Then, the administration had no choice but to try to get the rest of the story out.
I think there was a better way to do that, however.
Seemingly all alone, Fox News’ Bill Kristol gamely tried to spin, wildly and baselessly charging Special Counsel Patrick Fitzgerald with being “politically motivated.”
But that only appeared to reveal how worried Republicans are about where the investigation is going.
With GOP congresspeople leaving the Bushies for fight for themselves, that not only complicates the party’s ability to speak consistently and coherently, it also undermines White House credibility right when it’s trying to set the table for an Iran attack.
WOLF BLITZER: Do you believe, based on the reporting you did for this article, that the president of the United States is now aggressively plotting military action, a preemptive strike against Iran?
HERSH: The word I hear is messianic.
He thinks, as I wrote, that he's the only one now who will have the courage to do it.
He's politically free. I don't think he's overwhelmingly concerned about the '06 elections ...
I think, he really thinks he has a chance, and this is going to be his mission.
Hersh also reported that some military officials may resign if preliminary plans to use tactical nuclear weapons aren’t shelved:
BLITZER: You're saying that some senior military officers are prepared to resign?
HERSH: I'm saying that, if this isn't walked back and if the president isn't told that you cannot do it –
And once the chairman of the joint chiefs or some senior members of the military say to the president, let's get this nuclear option off the table, it will be taken off. He will not defy the military in a formal report. –
Unless something specific is told to the White House that you've got to drop this dream of a nuclear option ... people have said to me that they would resign.
BLITZER: Do you want to name names?
HERSH: Are you kidding?
BLITZER: I'm giving you the opportunity.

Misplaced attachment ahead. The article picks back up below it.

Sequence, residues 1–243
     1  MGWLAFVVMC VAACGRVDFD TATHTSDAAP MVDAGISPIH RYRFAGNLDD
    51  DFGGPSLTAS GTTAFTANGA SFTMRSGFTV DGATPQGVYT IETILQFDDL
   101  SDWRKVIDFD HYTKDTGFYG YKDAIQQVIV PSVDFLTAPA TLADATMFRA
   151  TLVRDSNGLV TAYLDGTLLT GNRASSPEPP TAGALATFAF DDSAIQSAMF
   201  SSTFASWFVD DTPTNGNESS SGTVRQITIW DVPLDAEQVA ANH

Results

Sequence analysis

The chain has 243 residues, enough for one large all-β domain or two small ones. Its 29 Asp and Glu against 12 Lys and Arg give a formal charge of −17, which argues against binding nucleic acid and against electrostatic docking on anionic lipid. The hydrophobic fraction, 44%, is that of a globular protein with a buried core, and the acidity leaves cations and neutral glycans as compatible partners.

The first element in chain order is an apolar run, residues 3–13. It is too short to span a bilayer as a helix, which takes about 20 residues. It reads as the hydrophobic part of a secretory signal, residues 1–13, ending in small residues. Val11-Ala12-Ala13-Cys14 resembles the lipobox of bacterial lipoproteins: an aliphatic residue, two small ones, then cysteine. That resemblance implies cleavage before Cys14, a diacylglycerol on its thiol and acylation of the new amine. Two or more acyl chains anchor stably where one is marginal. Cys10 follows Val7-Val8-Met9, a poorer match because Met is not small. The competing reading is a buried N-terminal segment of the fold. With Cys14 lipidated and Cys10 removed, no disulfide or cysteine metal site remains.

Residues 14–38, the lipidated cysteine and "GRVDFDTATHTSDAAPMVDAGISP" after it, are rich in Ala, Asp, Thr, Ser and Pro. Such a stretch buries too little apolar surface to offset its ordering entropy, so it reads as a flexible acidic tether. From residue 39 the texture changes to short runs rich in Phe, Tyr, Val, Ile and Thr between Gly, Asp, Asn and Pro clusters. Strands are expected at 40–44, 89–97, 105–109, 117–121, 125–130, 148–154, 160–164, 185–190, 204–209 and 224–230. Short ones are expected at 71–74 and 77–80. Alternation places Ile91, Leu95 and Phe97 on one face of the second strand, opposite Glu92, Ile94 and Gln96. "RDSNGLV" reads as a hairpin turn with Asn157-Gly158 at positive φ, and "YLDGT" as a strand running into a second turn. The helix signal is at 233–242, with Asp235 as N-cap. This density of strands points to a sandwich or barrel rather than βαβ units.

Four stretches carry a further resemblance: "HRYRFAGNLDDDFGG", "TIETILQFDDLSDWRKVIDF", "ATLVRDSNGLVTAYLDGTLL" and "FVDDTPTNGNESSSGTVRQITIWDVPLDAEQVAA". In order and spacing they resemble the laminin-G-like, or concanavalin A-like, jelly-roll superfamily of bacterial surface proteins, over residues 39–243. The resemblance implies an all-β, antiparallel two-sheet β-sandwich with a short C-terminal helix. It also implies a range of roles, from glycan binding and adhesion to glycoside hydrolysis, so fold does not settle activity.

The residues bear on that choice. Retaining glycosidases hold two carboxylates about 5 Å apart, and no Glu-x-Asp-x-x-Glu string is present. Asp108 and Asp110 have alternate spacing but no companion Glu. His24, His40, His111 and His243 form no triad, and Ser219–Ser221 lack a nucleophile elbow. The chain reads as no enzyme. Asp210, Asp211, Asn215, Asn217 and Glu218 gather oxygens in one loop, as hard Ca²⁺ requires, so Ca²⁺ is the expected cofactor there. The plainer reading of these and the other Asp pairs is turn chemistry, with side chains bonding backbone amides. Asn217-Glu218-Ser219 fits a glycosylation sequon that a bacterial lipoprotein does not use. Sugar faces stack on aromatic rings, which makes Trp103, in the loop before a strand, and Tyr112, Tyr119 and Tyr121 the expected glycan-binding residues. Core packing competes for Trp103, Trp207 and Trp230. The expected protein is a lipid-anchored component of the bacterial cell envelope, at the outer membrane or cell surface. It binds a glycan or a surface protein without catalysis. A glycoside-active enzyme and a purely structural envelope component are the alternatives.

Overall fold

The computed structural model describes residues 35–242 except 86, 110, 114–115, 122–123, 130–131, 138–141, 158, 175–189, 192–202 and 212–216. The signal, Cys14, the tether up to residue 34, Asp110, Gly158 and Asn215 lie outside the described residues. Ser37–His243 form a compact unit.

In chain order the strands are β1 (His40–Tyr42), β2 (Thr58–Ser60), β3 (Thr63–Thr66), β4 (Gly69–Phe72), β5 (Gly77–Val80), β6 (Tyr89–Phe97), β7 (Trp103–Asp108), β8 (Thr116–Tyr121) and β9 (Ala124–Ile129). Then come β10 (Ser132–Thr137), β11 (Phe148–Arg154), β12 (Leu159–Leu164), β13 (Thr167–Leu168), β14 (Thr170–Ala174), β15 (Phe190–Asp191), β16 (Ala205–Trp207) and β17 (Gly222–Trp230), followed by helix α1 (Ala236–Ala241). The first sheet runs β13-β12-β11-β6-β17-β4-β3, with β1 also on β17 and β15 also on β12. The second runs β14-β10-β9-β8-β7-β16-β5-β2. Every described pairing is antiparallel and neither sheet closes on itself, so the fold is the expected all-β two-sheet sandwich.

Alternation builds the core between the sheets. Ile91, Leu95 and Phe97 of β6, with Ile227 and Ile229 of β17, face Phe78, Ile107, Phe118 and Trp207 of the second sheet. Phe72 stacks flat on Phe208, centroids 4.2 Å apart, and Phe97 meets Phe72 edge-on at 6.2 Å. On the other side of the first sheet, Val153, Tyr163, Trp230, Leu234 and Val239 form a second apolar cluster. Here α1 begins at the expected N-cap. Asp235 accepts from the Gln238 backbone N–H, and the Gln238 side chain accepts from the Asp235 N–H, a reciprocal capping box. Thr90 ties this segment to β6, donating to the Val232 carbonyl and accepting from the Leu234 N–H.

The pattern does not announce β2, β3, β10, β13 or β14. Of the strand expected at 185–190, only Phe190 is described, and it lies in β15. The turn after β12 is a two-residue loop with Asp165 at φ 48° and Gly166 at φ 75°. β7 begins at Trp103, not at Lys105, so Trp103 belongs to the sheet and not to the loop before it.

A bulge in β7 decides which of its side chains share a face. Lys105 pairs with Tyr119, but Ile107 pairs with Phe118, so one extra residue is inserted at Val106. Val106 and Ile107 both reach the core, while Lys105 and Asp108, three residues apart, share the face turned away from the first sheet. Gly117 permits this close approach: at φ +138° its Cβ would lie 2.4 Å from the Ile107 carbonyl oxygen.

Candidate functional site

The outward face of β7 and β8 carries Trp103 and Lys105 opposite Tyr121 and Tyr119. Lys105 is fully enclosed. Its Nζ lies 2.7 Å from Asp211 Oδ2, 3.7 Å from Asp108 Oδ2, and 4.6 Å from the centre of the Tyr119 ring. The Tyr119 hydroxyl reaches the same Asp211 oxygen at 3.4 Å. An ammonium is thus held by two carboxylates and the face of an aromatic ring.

HERSH: No. You know why? Because this is a punitive government right now...
...one thing about our military is they're very loyal to the president, but they're getting to the edge ,,, with not only Rumsfeld but also with Cheney and the president.
Interestingly, the Administration found the Hersh article so problematic, it required special efforts to knock it down.
Fox News Sunday, in a break with its usual format, brought in national security correspondent Bret Baier to discuss what the White House fed him. Baier reported:
A senior administration official responded today privately, saying that this story is over-reported and hyped without knowledge of the president's thinking.
“Over-reported.” That probably says it all.
The Blog Wire
Blue Latinos: "Democratic Senate leaders stood firm against floor amendments, knowing that Senators like Kyl would much rather see millions of people deported; piled on trains, ships and planes out of the country. The Senate is now on recess for the next two weeks, and I hope that during this time Senators will hear immigrants' cry for justice."
The Left Coaster: "By not challenging the court filing, the White House has two choices. They are either going to challenge Libby’s grand jury testimony and claim he is lying about what Cheney authorized him to do in Bush’s name, which would require the White House to testify to that effect at Libby’s trial. Or they know they are caught red-handed here, and will argue semantics"